One of the most magical moments in my life was coming upon the awe-inspiring Duomo di Milano (Milano Cathedral pix above). It remains a testament to the greatness of Italian architecture. Never in my wildest dreams could I imagine experiencing the same sensations in my crime ridden, beloved city of Oakland. But, here we are, after a $190 million endeavor that took three years to build, we have the Oakland Cathedral. Today marks the formal consecration and dedication of (its official name) The Cathedral of Christ the Light (image below).
Raised Catholic, I know enough to walk away from all forms of organized religion, especially the ones that allows their “followers” to manipulate “the book” for their own sociopolitical gains. Yes, the $190 million arguably can go to many programs for the needy. However, just having this architectural wonder grace the Lake Merritt area has meaning beyond direct aid for the people of Oakland.
I grew up everywhere and all over the world, but Oakland is where I call home. Oakland exists as a source of pride for me. This city is the most integrated in the nation. Yes, there exists cities like LA and NYC with diverse populations, but people from different walks of life and racial/ethnic groups are separated by areas and barrios. Here, we live with each other and learn from each other, but yet remain an economic and social pariah. Undeserving of its bad reputation, it’s something some of us live with, while others perpetuate the negative stereotypes in order to keep our little gem a secret.
So, to have a cathedral of this magnitude in Oakland is something that as an Oaklanese, I am almost too tearfully happy to really express in words. It says others see Oakland as we see Oakland and have the belief that the city and its people deserve this architectural wonder.
The cathedral serves as the spiritual home for the Diocese of Oakland, with over 500,000 Catholics members in Alameda and Contra Costa counties who worship at 85 parishes. Serving the East Bay's diverse community, the diocese offers Mass in 17 languages. I’m actually looking forward to the shop and checking out the garden dedicated to the rape victims of Catholic priests (such a long debate there, huh?). I don’t believe the cathedral has a café yet, but if so, I’ll be there with my laptop sipping on my late.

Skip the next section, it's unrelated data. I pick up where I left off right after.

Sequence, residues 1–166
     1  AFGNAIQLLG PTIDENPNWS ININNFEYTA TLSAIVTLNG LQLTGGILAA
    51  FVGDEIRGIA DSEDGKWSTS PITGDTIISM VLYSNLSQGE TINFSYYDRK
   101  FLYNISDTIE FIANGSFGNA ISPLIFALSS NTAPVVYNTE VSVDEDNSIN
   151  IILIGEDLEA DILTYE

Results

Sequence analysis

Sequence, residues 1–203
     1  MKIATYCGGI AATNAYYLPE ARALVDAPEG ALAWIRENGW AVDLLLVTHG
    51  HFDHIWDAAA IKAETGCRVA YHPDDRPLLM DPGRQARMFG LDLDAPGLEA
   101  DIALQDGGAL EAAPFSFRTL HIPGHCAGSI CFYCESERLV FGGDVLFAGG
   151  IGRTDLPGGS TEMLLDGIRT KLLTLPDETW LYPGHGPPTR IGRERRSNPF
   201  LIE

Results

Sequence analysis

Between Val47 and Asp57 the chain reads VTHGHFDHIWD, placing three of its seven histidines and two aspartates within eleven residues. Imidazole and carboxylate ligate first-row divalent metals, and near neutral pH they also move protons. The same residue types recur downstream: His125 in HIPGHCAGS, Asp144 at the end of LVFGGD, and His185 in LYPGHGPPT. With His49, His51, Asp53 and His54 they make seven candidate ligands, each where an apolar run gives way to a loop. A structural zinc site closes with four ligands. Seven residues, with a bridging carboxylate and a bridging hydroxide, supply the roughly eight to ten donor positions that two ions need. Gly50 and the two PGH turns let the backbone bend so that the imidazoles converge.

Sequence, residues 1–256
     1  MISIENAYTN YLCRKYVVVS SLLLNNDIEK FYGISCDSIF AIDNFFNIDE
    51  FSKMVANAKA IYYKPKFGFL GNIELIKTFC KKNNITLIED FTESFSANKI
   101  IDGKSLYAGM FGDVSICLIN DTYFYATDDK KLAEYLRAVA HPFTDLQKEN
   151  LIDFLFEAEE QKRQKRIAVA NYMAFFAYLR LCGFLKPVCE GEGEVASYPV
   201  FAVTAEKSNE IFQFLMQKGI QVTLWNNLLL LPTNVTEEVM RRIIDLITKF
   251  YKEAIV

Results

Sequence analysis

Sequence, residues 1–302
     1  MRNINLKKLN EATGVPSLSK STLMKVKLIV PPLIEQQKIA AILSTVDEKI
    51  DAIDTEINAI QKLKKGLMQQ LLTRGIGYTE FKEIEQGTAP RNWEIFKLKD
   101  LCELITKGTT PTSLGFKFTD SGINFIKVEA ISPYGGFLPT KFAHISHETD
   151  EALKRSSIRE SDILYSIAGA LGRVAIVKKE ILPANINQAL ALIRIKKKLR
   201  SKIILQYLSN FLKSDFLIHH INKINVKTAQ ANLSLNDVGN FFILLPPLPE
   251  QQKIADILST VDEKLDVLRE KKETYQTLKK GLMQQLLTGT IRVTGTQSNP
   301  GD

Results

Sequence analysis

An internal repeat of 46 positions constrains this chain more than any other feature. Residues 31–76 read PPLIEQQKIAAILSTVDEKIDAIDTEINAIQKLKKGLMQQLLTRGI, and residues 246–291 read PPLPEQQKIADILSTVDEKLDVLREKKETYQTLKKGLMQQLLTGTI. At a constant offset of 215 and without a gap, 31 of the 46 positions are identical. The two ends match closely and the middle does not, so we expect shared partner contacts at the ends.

All joking aside (I’m actually serious about the café), there’s really much to admire about The Cathedral of Christ the Light. For my architect buddies, you'd be tickled to know it was designed by Skidmore, Owings & Merrill and is a sustainable, green building. The structure’s concrete was formed using fly ash and contributes thermal mass for heating and cooling. The woodwork provides warmth to the building and came from FSC certified Douglas Fir. To prevent another the Cathedral of Saint Francis de Sales, which experienced irreparably damaged in the Loma Prieta earthquake of 1989 and which this one is replacing, the new cathedral is seismically outfitted to withstand a significant earthquake.
Incorporated are fish motifs, most noticeably on the roof as seen clearly from air view. The walls were composed of overlapping panels of wood and glass rising skyward resembling fish scales. This motif also got me thinking that Early Christians used the "fish" symbol as a secret code to point the way to secret meetings. Some nod to the history of grassroots and persecution goes well with Oakland as a whole.
Also, Craig Hartman, the lead architect, followed the diocese’s main design focus, daylight. For this we have the centerpiece of the interior, a large-scale image of Christ as created from natural sunlight through 94,000 perforated holes on aluminum.
Other tidbits includes the fact that the cathedral: took 60,750 tons of concrete; has 768 Douglas Fir horizontal louvers and 1,000 sheets of glass to cover it; 36 friction pendulum double-concave base isolators in which the entire Cathedral rests (for seismic reasons); has the capacity to contain 2,700 crypts and urns; can seat 1,300 people; and sits on 2.5 acres of land. Amen!